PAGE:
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Inside Africa’s Powerful Contemporary Art Scene with Hotelier Liz Biden

The woman behind the exquisite collection of hotels known as the Royal Portfolio gives us the inside scoop on southern Africa’s most promising new artists.

South African hotelier Liz Biden never does the same thing twice. For proof, look no further than the Royal Portfolio, her exquisite collection of hotels ranging from an opulent safari lodge to an art-filled city hotel set atop Cape Town’s new Zeitz Museum of Contemporary Art Africa. Her small but superb hospitality empire is anything but cookie-cutter: Each property is the result of years of accumulation of artworks, antiques, and custom designer pieces—all of which Biden personally oversees.

To be sure, Biden has expanded her hotelier role into plenty of new territory—she operates as a curator, a designer, and an avid proponent for the talented artists and artisans that hail from her country. Muse recently sat down with the jack-of-all-trades for a conversation about sub-Saharan Africa’s emerging arts and design scene—and her personal guide to the region’s most promising new artists.

Biden alongside interiors from the Silo in Cape Town.  Mark Williams


Your newest hotel, the Silo, is part of one of the biggest museum openings in recent memory: Cape Town’s Zeitz MOCAA. Tell us about that.

[Until recently], African artists had no platform to show their art, so it’s incredible that we now have this amazing museum. For so long, struggle art was the only art in Africa. Given the political changes in countries like South Africa, Zimbabwe, and Mozambique, African artists have become skilled at grappling with and addressing universal issues in ways that are highly engaging to the rest of the world. This art has long been coveted and acquired by collectors outside of the African continent. But with the opening of Zeitz MOCAA—and, more recently, the Norval Foundation—the collector base within Africa is starting to increase, which is even more exciting.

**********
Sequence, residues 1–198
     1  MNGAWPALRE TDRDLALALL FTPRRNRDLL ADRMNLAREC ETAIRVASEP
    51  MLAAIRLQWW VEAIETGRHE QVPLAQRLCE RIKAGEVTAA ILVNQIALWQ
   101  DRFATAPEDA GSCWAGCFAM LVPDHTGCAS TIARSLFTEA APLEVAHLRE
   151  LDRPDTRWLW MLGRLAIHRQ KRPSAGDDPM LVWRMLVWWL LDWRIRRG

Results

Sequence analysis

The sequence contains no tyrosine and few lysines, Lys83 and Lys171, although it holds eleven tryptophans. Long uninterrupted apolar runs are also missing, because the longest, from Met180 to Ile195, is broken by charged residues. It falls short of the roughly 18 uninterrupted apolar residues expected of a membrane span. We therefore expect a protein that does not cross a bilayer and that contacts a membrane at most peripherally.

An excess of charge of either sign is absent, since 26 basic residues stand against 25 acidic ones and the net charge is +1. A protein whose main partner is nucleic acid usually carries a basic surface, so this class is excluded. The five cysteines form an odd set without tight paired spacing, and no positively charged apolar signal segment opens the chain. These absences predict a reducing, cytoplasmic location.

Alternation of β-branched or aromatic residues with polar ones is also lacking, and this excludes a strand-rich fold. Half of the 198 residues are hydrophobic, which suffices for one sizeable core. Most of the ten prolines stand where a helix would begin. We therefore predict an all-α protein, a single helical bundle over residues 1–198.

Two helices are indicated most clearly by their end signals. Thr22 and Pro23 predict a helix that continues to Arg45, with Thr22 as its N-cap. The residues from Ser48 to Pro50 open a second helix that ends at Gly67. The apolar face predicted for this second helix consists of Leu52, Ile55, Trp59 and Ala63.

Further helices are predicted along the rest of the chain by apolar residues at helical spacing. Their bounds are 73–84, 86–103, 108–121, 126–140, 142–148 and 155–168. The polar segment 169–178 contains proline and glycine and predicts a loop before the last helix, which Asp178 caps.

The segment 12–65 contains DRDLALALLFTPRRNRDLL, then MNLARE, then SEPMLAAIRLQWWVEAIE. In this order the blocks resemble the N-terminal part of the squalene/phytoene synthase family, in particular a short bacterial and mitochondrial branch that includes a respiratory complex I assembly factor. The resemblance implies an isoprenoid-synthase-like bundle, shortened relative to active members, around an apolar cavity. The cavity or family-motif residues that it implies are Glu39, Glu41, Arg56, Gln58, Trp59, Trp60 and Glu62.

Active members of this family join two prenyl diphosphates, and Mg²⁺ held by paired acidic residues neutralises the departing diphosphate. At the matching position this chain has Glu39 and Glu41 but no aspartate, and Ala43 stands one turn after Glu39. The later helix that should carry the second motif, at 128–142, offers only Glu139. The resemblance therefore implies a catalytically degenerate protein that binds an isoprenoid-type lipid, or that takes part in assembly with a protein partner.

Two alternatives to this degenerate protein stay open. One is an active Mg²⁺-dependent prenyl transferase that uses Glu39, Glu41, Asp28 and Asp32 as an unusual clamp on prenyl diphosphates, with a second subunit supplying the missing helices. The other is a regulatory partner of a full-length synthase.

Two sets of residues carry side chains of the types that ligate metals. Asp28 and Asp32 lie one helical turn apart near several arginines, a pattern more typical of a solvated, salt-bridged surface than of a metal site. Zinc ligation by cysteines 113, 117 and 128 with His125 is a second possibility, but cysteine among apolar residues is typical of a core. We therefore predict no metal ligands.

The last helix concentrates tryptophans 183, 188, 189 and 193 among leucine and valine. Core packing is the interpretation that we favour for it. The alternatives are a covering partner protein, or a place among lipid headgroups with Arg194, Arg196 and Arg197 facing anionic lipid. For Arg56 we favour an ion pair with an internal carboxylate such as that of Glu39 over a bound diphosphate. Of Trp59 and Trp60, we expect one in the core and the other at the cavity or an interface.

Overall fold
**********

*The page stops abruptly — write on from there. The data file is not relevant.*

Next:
And the Silo is an extension of that, featuring its own collection of artworks. What are some of your favorite pieces?

At the Silo, we have been privileged to buy the works of some amazing young artists—and learning a great deal about the burgeoning contemporary African art scene in the process. I love Zimbabwean Kudzanai Chiurai’s We Live in Silence VIII-2 on the ground floor of the hotel. The leopard-print-wearing man puts a smile on my face every time I see it, yet it’s also thought-provoking. I’ve had to bear in mind that choosing art for a hotel environment is very different from choosing art for a private home—so some of [Chiurai’s] other work from the same series were too challenging for the hotel. Another favorite is Athi-Patra Ruga’s The Night of the Long Knives #4, which appropriates the Nazis’ bloody purge of their political opponents in reference to the post-apartheid rainbow nation—and whether it’s a myth that would burst like colorful balloons after Mandela died.


“My rules for buying art are simple: I always buy what I like.”